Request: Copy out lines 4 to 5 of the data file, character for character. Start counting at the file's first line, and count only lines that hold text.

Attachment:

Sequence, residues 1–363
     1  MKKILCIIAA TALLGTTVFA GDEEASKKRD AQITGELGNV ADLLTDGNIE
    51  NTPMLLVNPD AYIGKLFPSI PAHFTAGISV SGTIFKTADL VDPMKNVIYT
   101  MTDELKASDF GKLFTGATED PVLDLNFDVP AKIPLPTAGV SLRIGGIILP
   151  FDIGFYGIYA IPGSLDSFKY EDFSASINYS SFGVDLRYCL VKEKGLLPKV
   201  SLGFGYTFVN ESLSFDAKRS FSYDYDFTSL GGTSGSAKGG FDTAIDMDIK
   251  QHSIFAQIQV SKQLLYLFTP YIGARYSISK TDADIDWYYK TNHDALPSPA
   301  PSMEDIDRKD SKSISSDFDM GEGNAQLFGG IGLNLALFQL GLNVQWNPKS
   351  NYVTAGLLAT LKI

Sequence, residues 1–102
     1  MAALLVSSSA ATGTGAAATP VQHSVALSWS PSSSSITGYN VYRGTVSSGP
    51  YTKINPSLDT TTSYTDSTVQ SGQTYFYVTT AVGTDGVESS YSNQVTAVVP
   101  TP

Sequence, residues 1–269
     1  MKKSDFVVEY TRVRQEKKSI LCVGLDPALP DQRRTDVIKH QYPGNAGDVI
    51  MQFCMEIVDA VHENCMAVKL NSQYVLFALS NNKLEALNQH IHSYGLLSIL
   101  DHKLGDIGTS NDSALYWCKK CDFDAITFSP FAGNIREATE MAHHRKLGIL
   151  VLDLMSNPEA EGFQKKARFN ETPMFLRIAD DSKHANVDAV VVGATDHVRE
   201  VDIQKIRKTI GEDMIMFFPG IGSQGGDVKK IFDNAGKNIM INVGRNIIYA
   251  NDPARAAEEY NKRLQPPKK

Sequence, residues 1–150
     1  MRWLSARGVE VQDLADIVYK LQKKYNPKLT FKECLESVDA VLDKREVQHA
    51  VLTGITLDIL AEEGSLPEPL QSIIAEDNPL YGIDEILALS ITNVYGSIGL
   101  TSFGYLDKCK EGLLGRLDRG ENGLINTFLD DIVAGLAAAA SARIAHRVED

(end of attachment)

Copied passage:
   101  MTDELKASDF GKLFTGATED PVLDLNFDVP AKIPLPTAGV SLRIGGIILP
   151  FDIGFYGIYA IPGSLDSFKY EDFSASINYS SFGVDLRYCL VKEKGLLPKV